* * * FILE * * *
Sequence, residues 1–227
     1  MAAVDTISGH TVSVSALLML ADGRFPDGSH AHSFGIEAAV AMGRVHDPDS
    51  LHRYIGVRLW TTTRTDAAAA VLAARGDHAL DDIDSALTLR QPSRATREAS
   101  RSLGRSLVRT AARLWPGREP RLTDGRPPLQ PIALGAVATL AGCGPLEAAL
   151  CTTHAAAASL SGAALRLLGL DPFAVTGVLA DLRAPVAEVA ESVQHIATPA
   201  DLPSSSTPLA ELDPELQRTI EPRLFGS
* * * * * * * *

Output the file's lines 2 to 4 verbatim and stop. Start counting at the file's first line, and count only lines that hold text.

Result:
     1  MAAVDTISGH TVSVSALLML ADGRFPDGSH AHSFGIEAAV AMGRVHDPDS
    51  LHRYIGVRLW TTTRTDAAAA VLAARGDHAL DDIDSALTLR QPSRATREAS
   101  RSLGRSLVRT AARLWPGREP RLTDGRPPLQ PIALGAVATL AGCGPLEAAL